So You Betrayed The Creative Arts For Your Own Personal Ends
A Colourful Storm
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1So You Betrayed The Creative Arts
2For Your Own Personal Ends

Did you come here to serve art and make sacrifices for its sake? Or to exploit your own personal ends?

Over the past five years, Mark has forged a unique identity in underground drum’n’bass, alloying traditional junglist motifs and luminous electroacoustic ambience to devastating effect. Developing his sound through a series of singles and EPs on A Colourful Storm and Berghain’s Unterton imprint and collaborating with likeminded peers in both classical and soundsystem spheres, A Colourful Storm presents the culmination of his work and debut album: a two-part study in rhythm, timbre and texture of monolithic scale.

Mark’s ambitions had been clear from the outset. Integrier Dich Du Yuppie (2017) and The Least Likely Event Will Occur In The Long Run (2018) are not titles of fleetingness but statements of grave philosophical heft. The relationship between—and division of—people, place and power animated Mark’s production and has remained a pertinent theme throughout his work: the mechanics of force, the cunning of reason, the invisible but crucial hand of chance.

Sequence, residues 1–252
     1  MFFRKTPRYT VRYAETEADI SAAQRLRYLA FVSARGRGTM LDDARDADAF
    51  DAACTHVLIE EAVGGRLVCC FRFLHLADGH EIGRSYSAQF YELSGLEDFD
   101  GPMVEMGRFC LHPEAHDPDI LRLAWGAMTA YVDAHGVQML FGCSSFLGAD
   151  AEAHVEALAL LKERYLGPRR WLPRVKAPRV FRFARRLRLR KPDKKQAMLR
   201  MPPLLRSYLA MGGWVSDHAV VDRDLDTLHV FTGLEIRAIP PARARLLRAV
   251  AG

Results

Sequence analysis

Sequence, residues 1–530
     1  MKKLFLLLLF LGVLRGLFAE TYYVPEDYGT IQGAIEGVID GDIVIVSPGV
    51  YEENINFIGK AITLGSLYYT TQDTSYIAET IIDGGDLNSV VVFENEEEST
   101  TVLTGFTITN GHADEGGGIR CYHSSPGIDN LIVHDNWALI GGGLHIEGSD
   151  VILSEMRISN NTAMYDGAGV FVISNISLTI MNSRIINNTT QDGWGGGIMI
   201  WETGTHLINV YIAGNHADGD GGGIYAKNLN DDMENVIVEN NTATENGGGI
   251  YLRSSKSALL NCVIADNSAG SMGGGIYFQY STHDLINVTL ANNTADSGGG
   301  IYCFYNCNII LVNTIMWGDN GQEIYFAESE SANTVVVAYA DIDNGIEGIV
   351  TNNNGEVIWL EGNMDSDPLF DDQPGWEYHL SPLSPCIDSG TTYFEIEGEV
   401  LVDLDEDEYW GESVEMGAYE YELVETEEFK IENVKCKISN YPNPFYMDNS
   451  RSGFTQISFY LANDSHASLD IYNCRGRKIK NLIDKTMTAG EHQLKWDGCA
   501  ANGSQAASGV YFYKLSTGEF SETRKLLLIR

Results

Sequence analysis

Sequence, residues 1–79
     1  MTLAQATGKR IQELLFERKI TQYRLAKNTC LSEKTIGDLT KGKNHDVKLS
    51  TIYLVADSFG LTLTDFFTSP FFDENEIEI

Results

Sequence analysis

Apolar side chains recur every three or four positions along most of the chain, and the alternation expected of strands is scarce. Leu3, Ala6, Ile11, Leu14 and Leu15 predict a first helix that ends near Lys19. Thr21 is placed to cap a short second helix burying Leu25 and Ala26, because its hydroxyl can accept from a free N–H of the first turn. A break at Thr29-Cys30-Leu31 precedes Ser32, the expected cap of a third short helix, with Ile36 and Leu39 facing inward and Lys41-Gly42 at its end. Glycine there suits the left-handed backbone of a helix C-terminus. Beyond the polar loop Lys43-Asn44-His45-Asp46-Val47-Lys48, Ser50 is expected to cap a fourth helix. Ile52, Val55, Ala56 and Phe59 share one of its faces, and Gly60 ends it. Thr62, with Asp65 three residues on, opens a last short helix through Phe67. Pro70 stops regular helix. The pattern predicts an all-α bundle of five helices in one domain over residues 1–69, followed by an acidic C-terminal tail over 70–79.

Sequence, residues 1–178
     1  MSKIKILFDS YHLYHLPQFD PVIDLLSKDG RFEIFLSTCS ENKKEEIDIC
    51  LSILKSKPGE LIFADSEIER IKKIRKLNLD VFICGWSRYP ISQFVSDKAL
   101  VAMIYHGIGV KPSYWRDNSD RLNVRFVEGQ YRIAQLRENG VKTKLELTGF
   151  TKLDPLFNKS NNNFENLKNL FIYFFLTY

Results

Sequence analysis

Within these groundbreaking sides lies a synergy between splintering rhythmic elements and extraordinary atmospheric passages—the latter being most deeply explored in Not Kennt Kein Gebot! (2022), a heart-on-your-sleeve mixtape pitting post-Second Viennese School disciples like Luigi Dallapiccola against an era-fusing suite of compositions from Radulescu, Zemlinsky and Monteverdi. This direction is also explored on Mark's monthly NTS Radio show, True As Few.

Bridging the sonic qualities of post-tonal composition and soundsystem frequencies is nothing new—the oeuvre of Christoph de Babalon immediately comes to mind—but here, Mark attempts to meet both poles on their own terms through two meticulously arranged longform pieces. Any suggestion of connection to dance music history has been thrown out for rhythmic arrangements that skirt the contradiction between strict logical coherence and human perception. What on the surface seems hostile reveals a welcoming catacomb of connections between elements that stake their claim, disappear, merge and finally reappear—their return sculpted by the intricate mediation of similar and dissimilar elements.

The album is deeply personal, too. Following a Stanislavski-led path through fragments of his pre-maturity music history, Mark connects memories of free jazz drumming and modern percussion ensemble performance with the joy of choral singing, ad hoc kitchen-sink group improvisation and those moments where life seems to swing on a hinge of musical feeling.